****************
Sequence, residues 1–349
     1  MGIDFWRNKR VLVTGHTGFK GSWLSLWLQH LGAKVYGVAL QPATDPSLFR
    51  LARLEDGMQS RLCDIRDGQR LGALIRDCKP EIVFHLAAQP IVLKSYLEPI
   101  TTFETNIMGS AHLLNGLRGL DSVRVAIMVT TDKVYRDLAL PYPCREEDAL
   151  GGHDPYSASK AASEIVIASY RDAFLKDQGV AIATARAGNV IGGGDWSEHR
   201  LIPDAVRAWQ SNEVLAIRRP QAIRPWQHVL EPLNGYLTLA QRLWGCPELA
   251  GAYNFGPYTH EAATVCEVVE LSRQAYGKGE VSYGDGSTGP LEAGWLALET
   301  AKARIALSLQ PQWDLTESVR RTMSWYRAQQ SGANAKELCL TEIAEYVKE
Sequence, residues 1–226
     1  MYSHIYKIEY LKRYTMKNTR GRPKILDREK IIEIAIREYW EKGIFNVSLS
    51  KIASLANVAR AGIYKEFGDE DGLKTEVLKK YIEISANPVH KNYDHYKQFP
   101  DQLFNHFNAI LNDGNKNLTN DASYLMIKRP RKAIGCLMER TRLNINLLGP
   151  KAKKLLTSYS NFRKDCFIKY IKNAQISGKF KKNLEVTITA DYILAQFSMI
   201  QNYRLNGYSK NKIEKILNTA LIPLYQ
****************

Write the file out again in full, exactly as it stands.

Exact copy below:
Sequence, residues 1–349
     1  MGIDFWRNKR VLVTGHTGFK GSWLSLWLQH LGAKVYGVAL QPATDPSLFR
    51  LARLEDGMQS RLCDIRDGQR LGALIRDCKP EIVFHLAAQP IVLKSYLEPI
   101  TTFETNIMGS AHLLNGLRGL DSVRVAIMVT TDKVYRDLAL PYPCREEDAL
   151  GGHDPYSASK AASEIVIASY RDAFLKDQGV AIATARAGNV IGGGDWSEHR
   201  LIPDAVRAWQ SNEVLAIRRP QAIRPWQHVL EPLNGYLTLA QRLWGCPELA
   251  GAYNFGPYTH EAATVCEVVE LSRQAYGKGE VSYGDGSTGP LEAGWLALET
   301  AKARIALSLQ PQWDLTESVR RTMSWYRAQQ SGANAKELCL TEIAEYVKE
Sequence, residues 1–226
     1  MYSHIYKIEY LKRYTMKNTR GRPKILDREK IIEIAIREYW EKGIFNVSLS
    51  KIASLANVAR AGIYKEFGDE DGLKTEVLKK YIEISANPVH KNYDHYKQFP
   101  DQLFNHFNAI LNDGNKNLTN DASYLMIKRP RKAIGCLMER TRLNINLLGP
   151  KAKKLLTSYS NFRKDCFIKY IKNAQISGKF KKNLEVTITA DYILAQFSMI
   201  QNYRLNGYSK NKIEKILNTA LIPLYQ